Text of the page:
The scientists working with the Hubble Space Telescope, which was launched into low Earth orbit in 1990, have released a reworked image of the beautiful Veil Nebula, showing threads of ionized gas winding through space.
Veil Nebula's released image
According to CNET, the Veil Nebula was captured by the Hubble Space Telescope in the past, thus resulting in one of the telescope's most famous image.
The original image was shared in 2015, but since then, image processing techniques have improved to a degree that researchers can use the new processes to find out more information about an older subject.
The researchers ran the original Veil Nebula image through a newer set of image processing filters to show more details in the image that the Hubble Space Telescope captured that were previously invisible.
Hubble scientists wrote in a statement describing that in order to create the colorful reworked image, the observations were taken by Hubble's Wide Field Camera 3 instrument using five different filters.
The new post-processing methods have further enhanced details of emissions from doubly ionized oxygen, ionized hydrogen, and ionized nitrogen.
The Veil Nebula is located 2,100 light-years away in the constellation Cygnus. Even though the nebula is massive, it is just one small part of a much larger formation that is called the Cygnus Loop.
The Cygnus Loop is the remnant that was left over when a star that is 20 times as big as the sun went supernova, exploding outward and ending its life, as per Wion.
The explosion pushed the dusts and gas outward in a massive shockwave, creating the loop. The explosion happened around 10,000 years ago, and the remnant has expanded 60 light-years outward from its original detonation point.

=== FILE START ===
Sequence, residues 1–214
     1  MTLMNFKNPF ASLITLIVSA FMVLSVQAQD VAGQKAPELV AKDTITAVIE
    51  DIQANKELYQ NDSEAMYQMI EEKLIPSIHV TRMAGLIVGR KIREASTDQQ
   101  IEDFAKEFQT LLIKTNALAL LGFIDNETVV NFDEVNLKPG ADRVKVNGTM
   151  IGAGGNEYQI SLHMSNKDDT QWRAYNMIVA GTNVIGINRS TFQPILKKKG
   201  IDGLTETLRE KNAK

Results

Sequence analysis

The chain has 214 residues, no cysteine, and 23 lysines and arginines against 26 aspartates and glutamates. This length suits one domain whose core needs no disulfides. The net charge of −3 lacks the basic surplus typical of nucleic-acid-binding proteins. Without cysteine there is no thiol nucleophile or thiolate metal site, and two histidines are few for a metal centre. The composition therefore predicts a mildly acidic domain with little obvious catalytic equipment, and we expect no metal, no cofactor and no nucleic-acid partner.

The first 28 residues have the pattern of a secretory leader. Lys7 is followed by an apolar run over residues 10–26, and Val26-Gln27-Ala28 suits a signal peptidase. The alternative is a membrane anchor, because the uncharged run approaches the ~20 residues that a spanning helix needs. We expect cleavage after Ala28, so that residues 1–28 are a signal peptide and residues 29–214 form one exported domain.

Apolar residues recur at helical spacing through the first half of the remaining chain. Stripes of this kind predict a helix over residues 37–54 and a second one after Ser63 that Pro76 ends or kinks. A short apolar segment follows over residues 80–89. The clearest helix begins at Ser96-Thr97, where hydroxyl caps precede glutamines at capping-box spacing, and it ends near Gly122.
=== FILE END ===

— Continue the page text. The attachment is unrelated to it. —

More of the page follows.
The Veil Nebula is the visible part of the Cygnus Loop, but the photo from Hubble Space Telescope only shows a small portion of it. The delicate filaments of gas visible in the Veil Nebula have made it a common example of the beauty of outer space.
Hubble Space Telescope's other captures
In February 2021, the Hubble Space Telescope captured a pair of Herbig-Haro objects. These objects are rarely spotted in a certain detail and studying them could give clues as to how stars are born and how they evolve.
Each jet of brightness is classified as its own object.
According to Digital Trends, they are located in the constellation of Vela and are more than 1,400 light-years away.
The illuminated shapes form when newborn stars throw off jets of ionized gas, which the European Space Agency or ESA refers to as the tantrums of a baby star.
The jets can intersect with nearby clouds of dust and gas at extreme speeds, thus creating shockwaves that form the objects.
Astronomers observed that the first Herbig-Haro object in the 19th century, though at the time they thought it was a type of emission nebula, which is a cloud of dust and gas that becomes ionized by a nearby hot star.
More objects were discovered, and they were thought to be reflection nebulae, which are could of dust and gas which reflect the light from other stars.
The objects were eventually given their name after the first two astronomers who studied them, Guillermo Haro and George Herbig.
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Written by Sieeka Khan